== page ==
The problem of course is that these books have been written. This tends to support the notion that there may be truth to something within their pages.
The mere fact that a book was written is no guarantee that its pages cintain any truth and no truth wuthin a book guarantees that anything else in a book would also be true. The point though is that right or wrong human beings tend to look for comfort in religions and since we both agree that the bulk of religions are man made that means that in the absence of abrahamic religion another sort would almost certainly take it's place. I don't see that your objections are relevant to the thought experiment.
Yes, I used the word "tend", not the word guarantee. My point in a general sense is that "where there is smoke, there is probably fire". And the fact that discussing contingencies on such a hypothetical basis and intentionally dismissing probably the most well known religions seems to be a question that is based not so much on curiosity as spite.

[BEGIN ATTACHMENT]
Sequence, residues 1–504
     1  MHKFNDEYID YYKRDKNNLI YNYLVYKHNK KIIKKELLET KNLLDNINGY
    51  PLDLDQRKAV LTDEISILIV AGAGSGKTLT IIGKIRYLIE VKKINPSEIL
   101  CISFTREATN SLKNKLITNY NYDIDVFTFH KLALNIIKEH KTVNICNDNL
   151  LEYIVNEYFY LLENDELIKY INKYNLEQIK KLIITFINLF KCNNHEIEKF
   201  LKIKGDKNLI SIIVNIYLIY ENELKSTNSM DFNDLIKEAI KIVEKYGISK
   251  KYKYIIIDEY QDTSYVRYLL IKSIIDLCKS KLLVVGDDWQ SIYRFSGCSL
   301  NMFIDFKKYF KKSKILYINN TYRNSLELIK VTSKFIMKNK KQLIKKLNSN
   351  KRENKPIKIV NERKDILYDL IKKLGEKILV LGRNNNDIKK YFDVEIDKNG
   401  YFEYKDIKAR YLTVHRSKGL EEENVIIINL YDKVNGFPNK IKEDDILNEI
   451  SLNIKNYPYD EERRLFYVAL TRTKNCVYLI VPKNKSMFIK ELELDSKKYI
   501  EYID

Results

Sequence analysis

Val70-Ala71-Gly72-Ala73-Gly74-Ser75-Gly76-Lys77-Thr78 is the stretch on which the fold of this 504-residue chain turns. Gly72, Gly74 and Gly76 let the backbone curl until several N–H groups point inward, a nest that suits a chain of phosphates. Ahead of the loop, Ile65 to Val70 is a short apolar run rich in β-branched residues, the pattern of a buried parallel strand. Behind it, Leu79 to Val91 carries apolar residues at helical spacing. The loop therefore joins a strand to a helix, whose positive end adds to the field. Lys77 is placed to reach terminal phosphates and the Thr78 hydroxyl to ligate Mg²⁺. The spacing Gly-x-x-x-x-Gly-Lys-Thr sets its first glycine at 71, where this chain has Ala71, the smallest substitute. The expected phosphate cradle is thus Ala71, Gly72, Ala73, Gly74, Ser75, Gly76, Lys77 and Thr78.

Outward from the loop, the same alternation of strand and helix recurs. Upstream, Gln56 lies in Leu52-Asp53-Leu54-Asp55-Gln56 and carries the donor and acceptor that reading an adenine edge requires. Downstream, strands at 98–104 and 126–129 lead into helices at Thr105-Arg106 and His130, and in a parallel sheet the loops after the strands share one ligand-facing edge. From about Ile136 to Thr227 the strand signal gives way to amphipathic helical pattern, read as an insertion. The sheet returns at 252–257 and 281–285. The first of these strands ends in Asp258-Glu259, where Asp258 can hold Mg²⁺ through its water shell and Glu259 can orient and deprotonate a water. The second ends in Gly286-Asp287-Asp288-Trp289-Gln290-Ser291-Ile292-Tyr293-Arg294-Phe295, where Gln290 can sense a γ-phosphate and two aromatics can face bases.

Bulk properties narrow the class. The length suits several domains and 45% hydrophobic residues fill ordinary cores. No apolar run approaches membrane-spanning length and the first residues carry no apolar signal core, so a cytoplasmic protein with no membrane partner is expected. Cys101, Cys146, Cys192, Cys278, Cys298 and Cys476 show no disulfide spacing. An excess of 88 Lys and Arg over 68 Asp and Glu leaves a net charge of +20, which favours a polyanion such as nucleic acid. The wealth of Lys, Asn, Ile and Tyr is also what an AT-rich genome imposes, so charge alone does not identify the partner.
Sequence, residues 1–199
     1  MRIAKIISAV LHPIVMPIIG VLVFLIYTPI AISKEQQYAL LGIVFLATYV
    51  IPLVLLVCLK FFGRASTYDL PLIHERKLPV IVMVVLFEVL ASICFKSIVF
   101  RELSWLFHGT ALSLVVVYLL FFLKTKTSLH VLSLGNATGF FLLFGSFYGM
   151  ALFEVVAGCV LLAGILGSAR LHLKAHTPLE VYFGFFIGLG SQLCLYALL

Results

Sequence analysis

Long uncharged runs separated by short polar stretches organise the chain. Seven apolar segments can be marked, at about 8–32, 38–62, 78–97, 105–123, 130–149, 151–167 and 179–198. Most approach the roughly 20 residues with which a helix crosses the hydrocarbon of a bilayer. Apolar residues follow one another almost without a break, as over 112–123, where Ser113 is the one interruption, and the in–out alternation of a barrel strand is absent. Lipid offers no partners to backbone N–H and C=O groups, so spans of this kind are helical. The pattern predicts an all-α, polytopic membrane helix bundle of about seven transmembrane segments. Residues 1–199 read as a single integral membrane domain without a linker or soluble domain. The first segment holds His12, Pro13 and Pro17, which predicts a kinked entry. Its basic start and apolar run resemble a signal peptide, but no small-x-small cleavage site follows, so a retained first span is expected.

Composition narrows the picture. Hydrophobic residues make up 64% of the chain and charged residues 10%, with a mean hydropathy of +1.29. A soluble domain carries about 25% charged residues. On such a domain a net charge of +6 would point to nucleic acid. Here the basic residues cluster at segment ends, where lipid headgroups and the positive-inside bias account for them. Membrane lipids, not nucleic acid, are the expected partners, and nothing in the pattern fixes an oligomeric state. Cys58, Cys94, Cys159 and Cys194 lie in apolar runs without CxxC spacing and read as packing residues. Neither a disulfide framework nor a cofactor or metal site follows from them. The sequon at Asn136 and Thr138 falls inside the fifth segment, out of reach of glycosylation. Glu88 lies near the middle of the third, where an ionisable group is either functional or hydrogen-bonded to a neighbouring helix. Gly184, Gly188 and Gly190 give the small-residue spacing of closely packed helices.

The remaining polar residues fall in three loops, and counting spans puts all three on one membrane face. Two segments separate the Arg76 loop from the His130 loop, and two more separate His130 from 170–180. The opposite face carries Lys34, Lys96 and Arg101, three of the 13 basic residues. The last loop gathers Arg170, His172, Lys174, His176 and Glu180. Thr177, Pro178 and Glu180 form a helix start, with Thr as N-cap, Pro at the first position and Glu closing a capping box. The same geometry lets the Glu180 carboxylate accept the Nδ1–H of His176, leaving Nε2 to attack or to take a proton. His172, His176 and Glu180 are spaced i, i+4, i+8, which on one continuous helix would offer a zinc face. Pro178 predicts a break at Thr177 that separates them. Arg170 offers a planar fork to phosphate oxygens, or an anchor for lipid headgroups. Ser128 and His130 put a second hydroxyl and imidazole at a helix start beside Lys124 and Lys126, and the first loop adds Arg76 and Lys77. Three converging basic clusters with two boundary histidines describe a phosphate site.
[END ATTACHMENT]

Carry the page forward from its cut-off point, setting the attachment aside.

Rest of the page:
I don't look for comfort in my religion. Yes, I know you will probably disagree with my assessment. But the other point here is that God is not bound by a book. The OT Jews lived for a long time knowing God prior to the book being written. Books record things - but prior to books - people remembered things. And not like Chinese whispers - but really remembered things. We have lost this art today. But in some countries around the world where books are not utilised very much, these stories of the past are remarkably accurate. Books I think provide for education - reading and writing. The Israelite nation had a 50% literacy rate. All males had to read to pass their religious rites. Well before most nations - probably next to China and possibly Egypt - one of earliest education nations.